From the Northeast Organic Farming Association Interstate Committee on Domestic Fair Trade
Five years ago, Deferred Action for Childhood Arrivals (DACA) was initiated as a temporary measure to protect individuals who came to this country as children from deportation. DACA allows recipients to attend school and apply for employment authorization. It has provided hard-working young people and their families with a measure of stability in lieu of actual reform to the immigration system.
Since 2012 when DACA took effect, recipients’ hourly wages increased by 42 percent. Six percent started their own business (compared to a national average of 3.1 percent), 21 percent purchased their first car, 12 percent purchased their first home, and 90 percent received their driver’s license or a state identification card. These young people are a critical part of our country’s social and economic fabric, particularly in rural areas.
The Trump administration’s decision to halt additional DACA enrollments and give Congress six months to come up with another solution makes the immediate future of these young people uncertain and adds unbearable pressure to the fears that already make daily life difficult for their undocumented parents.
Nearly 800,000 young people fear losing everything they have worked for. Almost 70 percent came to this country at the age of 10 or younger. Today, the average DACA recipient is 22 years old, employed, and in pursuit of higher education.
After agreeing with Democratic leaders to craft a “deal” to continue DACA, the Trump administration has issued a list of priorities that would essentially block any deal Democrats could accept. Republican priorities include, among other demands, immediate detention for anyone crossing the border and requesting asylum, hiring 10,000 more ICE agents, 300 more immigrant judges and 1000 more immigration lawyers, accelerating wall construction along the border, cracking down on sanctuary cities, cutting down on the number of legal immigrants
allowed each year, and instituting mandatory E-verify for all hiring.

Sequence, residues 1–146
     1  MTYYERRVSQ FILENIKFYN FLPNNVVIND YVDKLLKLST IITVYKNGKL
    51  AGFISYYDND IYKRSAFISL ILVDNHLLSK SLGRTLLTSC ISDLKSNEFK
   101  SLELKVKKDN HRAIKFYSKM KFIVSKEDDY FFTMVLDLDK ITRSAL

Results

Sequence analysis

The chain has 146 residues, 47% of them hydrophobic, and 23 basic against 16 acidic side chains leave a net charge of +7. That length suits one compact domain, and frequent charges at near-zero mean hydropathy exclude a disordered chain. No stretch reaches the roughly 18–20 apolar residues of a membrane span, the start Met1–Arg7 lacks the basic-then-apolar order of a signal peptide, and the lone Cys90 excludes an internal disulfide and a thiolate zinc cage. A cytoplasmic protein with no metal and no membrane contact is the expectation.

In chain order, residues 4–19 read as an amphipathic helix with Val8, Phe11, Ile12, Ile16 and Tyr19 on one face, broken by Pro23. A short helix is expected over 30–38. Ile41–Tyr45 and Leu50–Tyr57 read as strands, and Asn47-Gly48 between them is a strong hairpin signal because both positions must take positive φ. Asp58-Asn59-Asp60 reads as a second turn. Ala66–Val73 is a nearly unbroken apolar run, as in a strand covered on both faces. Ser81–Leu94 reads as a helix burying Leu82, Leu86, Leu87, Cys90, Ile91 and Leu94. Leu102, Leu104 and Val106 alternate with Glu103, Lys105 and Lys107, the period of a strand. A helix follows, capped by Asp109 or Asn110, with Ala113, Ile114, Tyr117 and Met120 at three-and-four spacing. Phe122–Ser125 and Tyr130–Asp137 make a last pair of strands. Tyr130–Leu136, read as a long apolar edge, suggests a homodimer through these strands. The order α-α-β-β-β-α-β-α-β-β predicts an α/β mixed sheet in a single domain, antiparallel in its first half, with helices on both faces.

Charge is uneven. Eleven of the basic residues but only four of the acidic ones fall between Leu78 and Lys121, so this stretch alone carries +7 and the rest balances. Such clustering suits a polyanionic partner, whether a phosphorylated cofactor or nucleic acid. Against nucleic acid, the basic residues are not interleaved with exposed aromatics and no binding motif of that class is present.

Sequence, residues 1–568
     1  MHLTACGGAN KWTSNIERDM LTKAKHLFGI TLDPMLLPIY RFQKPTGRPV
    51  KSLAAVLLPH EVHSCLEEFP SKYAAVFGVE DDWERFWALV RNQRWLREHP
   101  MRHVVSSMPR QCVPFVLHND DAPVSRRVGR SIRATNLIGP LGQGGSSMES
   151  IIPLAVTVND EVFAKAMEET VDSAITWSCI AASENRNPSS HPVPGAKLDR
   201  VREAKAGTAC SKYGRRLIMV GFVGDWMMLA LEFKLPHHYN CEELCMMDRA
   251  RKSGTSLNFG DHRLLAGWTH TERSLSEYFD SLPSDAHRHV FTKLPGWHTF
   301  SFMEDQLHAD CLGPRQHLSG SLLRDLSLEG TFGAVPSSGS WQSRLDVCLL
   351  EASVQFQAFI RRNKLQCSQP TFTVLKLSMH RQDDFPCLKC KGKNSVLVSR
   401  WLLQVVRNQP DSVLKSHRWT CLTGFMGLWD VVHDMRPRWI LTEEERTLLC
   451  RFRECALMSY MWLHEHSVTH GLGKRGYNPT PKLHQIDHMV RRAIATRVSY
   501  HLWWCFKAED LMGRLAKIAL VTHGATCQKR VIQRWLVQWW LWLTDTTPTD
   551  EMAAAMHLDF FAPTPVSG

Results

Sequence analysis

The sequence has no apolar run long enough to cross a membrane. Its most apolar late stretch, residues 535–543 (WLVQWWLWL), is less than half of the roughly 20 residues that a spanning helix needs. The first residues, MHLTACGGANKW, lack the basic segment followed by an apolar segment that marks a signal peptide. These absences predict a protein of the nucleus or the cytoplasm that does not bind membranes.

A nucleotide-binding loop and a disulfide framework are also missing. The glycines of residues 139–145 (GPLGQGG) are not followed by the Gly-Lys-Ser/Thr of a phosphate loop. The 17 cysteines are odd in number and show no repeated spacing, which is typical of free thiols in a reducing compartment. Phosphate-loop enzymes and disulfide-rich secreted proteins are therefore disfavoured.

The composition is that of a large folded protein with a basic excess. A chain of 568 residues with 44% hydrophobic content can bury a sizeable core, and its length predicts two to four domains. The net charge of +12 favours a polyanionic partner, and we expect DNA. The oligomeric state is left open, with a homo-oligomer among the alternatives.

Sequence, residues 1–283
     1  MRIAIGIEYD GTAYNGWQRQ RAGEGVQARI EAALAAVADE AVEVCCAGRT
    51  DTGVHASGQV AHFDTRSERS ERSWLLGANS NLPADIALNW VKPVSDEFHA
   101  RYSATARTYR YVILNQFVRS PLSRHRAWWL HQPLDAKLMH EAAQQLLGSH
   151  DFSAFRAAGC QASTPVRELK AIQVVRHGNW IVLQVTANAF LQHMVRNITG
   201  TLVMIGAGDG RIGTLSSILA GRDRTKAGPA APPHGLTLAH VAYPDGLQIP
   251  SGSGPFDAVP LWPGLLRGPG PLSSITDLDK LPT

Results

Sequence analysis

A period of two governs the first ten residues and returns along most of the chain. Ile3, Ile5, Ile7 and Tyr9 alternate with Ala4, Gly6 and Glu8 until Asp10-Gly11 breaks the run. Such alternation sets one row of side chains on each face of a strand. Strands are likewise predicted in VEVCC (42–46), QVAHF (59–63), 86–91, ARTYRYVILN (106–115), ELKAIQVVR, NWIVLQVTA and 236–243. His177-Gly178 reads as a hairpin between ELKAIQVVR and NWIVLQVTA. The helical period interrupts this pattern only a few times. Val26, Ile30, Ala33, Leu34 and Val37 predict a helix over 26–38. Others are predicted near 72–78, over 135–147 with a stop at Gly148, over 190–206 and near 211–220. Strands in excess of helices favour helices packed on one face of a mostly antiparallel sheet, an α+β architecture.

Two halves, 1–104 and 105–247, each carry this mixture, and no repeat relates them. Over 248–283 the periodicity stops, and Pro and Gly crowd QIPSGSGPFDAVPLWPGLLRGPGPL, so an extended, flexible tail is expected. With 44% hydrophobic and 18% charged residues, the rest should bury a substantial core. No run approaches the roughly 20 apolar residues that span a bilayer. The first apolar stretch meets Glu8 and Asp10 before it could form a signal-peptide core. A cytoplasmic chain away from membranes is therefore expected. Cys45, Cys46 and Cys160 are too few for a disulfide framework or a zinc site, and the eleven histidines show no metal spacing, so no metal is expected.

It is cruel and unjust to take away the opportunity to learn, earn, and live without constant fear of deportation. It is also counterproductive and harmful to the country as a whole.
We call on Congress to act quickly on its responsibility to stand opposed to any federal action that would rescind DACA or result in additional restrictions that would act as barriers to the continued contributions of these young immigrants and their families to rural communities. We recognize that our fight goes beyond DACA, that no one deserves to live in fear of deportation, that immigrants have always been and will continue to be a lifeblood of this country, and we will not rest until there is fair and comprehensive immigration reform for all.
We also urge all who care about a sustainable food system to hold themselves personally accountable for taking this issue on in their communities, show solidarity with undocumented immigrants, many of whom come from backgrounds of organic agriculture in their own countries of origin, and to become involved in and supportive of local organizations and networks committed to protecting and defending immigrants from harassment and deportation and in empowering them to defend their rights and dignity as human beings (for example: Sanctuary In the Streets sponsored by the Pioneer Valley Workers Center, Vermont Migrant Justice, Alianza Agricola in central New York, Secure and Just Communities (SURJ in Rochester, NY).
For resources see National Sanctuary Movement http//www.sanctuarynotdeporation.org/
Voces de la Frontera: http://vdlf.org/campaigns/new sanctuary movement/